Weeks, Joseph
Autograph letter Signed as Member of Congress from New Hampshire, Washington, D.C., January 1, 1837 to John L. Putnam

quarto, three pages, plus stamp-less address leaf, no postal markings, likely hand carried, in very good, clean and legible condition.

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“Dear Sir,

            The Presidential Contest is now over … Mr. Van Buren is elected Chief Magistrate of the United States … a fortunate occurrence not only in the main result but in the circumstances accompanying it, he is elected not as a Sectional Candidate, he has recd. the votes in all the great divisions of the union – the east, west, north and south have each contributed to his election – and a majority of all the votes in the United States cast at the late election were for him. He therefore comes into office fairly as the President of the whole States – and not of any particular section of the country … those who know him concur in declaring him a firm consistent republican – not of a few years standing only but during a long course of public service – and if other proof were wanting – it could be found in the decided hostility manifested towards him by every branch of the opposition to the present administration – they know he will in good faith carry out the measures of President Jackson’s administration and they wish not to see that measure perfected – and therefore they have and will continue to oppose him … the opposition will rally on Gov Harrison as their only Candidate – his late vote was so great as to make him the most available candidate – in the opinion of a large majority of the opposition… I think no intention exists of dividing the friends of the present administration by bringing out again a multiplicity of candidates – the next battle I imagine will be a general one and fought upon the old party principles of federalism and republicanism – it may yet turnout that Harrison may yield to Clay, at present see no prospect of it …”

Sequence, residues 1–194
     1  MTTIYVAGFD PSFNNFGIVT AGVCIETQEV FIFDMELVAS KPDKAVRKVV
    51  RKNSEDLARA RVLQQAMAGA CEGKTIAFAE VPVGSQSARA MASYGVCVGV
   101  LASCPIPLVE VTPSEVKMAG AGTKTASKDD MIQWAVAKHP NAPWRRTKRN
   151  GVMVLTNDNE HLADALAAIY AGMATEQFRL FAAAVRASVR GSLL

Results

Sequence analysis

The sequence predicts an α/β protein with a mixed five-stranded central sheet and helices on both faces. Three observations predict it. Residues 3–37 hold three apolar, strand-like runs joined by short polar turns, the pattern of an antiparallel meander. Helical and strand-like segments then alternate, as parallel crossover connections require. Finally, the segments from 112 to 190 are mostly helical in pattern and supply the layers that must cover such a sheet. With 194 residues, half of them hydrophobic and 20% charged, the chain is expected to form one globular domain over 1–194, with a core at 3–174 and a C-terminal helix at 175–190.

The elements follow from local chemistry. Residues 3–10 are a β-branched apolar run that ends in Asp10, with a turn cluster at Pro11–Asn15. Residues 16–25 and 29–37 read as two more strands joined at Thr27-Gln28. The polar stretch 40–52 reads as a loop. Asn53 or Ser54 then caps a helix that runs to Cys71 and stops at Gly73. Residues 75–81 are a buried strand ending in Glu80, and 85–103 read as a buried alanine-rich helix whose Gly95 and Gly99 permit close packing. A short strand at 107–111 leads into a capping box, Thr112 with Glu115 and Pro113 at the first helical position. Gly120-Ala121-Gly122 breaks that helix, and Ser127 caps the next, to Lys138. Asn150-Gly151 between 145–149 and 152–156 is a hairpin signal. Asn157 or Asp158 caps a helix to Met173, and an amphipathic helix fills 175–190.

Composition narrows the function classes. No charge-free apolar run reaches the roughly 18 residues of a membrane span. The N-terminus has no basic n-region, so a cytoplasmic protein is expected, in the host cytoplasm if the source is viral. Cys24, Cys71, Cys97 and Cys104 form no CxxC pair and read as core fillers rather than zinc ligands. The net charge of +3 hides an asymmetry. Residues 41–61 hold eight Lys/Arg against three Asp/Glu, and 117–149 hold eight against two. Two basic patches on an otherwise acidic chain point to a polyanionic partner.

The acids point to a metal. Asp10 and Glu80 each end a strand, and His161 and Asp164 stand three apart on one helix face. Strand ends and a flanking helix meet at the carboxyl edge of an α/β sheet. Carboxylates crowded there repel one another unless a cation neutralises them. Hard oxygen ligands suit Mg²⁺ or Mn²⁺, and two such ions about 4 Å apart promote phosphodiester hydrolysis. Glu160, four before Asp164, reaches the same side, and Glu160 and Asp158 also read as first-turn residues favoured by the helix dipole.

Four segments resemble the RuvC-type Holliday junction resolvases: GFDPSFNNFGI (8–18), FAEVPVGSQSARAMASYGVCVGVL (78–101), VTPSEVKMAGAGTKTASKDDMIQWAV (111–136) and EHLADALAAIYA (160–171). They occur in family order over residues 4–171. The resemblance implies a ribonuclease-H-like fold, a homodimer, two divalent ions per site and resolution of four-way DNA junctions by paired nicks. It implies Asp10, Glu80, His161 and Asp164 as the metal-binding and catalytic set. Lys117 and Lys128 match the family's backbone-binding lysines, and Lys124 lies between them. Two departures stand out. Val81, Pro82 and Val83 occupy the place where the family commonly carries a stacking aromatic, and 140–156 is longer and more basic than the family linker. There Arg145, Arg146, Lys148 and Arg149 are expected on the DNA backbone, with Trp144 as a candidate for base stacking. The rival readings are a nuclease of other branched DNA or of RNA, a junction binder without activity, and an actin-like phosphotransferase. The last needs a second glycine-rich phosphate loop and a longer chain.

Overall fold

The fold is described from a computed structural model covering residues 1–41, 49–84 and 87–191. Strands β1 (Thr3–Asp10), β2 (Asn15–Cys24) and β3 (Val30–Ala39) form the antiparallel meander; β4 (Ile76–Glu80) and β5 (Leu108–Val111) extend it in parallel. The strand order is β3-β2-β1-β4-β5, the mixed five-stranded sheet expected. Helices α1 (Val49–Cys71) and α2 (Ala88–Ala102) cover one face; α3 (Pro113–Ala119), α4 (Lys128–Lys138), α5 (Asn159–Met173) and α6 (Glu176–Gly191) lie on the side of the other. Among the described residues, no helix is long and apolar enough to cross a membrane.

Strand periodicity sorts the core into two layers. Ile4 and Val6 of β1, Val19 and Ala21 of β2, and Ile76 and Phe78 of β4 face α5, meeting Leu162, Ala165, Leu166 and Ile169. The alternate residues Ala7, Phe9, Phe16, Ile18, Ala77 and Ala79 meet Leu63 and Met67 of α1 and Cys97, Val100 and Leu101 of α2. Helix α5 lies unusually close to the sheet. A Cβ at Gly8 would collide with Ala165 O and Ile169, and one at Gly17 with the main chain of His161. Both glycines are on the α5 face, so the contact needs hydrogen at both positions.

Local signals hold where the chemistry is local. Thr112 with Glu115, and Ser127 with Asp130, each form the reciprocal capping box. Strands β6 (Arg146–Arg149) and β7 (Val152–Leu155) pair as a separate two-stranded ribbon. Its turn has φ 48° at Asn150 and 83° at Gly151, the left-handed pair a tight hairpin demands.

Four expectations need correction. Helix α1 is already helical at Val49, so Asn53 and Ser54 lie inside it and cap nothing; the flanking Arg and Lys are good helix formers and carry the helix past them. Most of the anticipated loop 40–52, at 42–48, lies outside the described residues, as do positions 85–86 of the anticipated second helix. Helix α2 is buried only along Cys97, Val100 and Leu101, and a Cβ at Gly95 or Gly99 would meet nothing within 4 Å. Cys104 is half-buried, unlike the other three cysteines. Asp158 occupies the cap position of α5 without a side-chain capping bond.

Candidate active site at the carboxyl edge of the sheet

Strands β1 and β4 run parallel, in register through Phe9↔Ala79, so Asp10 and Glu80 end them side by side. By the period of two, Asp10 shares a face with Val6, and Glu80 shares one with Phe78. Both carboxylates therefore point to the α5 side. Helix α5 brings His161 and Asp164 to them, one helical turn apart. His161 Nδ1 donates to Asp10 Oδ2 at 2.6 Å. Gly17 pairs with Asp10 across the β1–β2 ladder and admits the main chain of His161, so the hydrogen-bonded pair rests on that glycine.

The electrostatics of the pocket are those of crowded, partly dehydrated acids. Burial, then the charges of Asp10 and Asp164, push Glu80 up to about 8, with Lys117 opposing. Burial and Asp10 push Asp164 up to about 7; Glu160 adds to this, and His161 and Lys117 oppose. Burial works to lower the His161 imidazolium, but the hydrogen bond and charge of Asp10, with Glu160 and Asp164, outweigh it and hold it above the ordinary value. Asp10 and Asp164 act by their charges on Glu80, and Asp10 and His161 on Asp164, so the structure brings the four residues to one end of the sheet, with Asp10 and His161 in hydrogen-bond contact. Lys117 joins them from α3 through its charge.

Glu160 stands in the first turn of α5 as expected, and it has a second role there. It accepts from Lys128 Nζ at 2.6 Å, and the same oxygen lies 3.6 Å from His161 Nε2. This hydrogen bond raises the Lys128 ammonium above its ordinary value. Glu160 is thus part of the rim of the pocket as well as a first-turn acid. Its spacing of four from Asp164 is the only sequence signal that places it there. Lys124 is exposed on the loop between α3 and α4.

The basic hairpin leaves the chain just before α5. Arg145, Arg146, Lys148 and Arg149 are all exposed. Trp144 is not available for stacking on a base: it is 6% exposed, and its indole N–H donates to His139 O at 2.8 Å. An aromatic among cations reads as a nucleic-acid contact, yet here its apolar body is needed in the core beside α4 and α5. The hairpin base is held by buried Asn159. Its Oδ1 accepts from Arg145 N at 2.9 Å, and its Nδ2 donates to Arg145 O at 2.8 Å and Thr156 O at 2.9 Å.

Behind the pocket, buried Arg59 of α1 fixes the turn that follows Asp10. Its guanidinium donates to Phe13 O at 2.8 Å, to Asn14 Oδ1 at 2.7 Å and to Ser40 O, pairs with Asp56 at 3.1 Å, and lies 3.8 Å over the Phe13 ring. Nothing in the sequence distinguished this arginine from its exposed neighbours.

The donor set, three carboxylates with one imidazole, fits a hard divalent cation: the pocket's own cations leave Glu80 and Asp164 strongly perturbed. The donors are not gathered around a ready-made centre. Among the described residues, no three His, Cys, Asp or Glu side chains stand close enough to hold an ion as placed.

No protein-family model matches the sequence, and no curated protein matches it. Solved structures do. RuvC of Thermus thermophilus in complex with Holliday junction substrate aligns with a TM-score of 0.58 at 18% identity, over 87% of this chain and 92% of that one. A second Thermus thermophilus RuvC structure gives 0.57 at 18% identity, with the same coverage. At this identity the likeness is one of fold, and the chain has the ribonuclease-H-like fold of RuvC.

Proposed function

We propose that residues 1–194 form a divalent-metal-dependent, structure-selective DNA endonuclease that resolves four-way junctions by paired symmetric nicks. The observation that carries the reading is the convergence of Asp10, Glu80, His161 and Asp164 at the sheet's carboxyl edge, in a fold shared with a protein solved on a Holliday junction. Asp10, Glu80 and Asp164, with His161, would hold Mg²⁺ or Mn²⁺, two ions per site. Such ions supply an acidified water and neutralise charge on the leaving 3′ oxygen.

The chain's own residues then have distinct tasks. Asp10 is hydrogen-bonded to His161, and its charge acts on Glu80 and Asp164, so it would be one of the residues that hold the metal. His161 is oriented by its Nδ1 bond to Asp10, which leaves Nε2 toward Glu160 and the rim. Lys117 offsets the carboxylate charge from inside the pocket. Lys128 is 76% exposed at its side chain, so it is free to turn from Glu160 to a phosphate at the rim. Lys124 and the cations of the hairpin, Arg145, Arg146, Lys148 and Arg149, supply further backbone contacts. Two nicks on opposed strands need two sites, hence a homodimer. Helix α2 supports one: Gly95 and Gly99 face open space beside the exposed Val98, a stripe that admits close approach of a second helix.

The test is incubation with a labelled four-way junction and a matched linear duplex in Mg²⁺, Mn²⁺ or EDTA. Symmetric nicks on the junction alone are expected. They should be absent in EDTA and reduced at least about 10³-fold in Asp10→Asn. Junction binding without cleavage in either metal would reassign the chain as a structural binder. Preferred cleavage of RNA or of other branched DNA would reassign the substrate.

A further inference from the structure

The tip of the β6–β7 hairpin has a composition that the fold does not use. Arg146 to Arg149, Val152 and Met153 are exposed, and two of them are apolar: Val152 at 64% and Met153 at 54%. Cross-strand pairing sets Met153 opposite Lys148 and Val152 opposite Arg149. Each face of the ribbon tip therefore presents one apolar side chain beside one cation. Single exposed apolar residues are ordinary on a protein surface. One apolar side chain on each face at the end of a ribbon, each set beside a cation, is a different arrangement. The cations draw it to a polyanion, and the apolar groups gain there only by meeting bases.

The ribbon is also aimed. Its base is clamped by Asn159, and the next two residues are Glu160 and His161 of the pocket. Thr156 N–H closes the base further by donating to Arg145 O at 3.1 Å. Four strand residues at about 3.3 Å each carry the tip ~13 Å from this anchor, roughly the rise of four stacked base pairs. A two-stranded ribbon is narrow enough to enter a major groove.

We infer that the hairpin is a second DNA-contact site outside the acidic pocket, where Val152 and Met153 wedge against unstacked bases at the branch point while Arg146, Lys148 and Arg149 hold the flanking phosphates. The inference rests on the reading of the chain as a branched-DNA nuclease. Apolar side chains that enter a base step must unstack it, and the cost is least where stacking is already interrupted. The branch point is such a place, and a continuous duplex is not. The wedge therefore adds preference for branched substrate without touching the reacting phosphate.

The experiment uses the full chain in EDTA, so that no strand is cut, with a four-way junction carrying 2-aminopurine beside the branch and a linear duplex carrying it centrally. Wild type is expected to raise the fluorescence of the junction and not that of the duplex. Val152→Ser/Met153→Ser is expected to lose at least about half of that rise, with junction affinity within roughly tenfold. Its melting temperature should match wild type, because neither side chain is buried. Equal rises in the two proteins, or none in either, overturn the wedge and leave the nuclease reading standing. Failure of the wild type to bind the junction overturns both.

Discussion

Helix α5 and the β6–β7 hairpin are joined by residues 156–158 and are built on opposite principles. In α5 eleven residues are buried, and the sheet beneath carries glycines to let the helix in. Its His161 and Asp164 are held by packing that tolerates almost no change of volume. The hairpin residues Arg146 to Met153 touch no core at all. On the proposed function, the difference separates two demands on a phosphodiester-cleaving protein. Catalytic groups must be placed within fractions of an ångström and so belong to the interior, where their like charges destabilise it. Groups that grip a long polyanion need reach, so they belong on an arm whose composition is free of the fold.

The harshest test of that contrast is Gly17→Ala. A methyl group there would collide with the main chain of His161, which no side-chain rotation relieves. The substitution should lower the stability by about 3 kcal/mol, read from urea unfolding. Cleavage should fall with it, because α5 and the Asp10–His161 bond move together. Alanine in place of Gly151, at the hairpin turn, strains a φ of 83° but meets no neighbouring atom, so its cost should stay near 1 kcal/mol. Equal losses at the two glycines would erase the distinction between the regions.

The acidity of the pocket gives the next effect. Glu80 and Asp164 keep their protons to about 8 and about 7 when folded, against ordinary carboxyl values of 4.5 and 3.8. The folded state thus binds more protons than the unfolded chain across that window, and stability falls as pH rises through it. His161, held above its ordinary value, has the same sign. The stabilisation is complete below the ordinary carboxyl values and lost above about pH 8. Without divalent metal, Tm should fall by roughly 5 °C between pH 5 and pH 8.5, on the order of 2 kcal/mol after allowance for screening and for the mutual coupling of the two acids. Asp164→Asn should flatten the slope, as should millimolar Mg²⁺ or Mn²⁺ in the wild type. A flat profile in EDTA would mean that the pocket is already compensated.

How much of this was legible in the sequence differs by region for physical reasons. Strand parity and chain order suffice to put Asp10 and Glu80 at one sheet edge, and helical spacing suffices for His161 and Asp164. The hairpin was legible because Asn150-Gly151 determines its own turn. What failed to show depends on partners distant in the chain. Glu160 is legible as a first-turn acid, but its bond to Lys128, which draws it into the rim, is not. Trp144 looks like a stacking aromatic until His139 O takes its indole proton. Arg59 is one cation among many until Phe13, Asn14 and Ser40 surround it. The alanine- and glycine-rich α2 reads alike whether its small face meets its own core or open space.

Joseph Weeks, congressman, born Warwick, Massachusetts, February 13, 1773, attended common schools, moved to Richmond, New Hampshire, engaged in agriculture, town clerk of Richmond 1802-22, member New Hampshire House of Representatives 1807-09, 12-13, 21-26, 30, 32-34, also Judge Court of Common Pleas, 1823, 27, member United States House of Representatives (Democrat) from New Hampshire 24th-25th congresses, 1835-39. Died Lancaster New Hampshire August 4, 1845.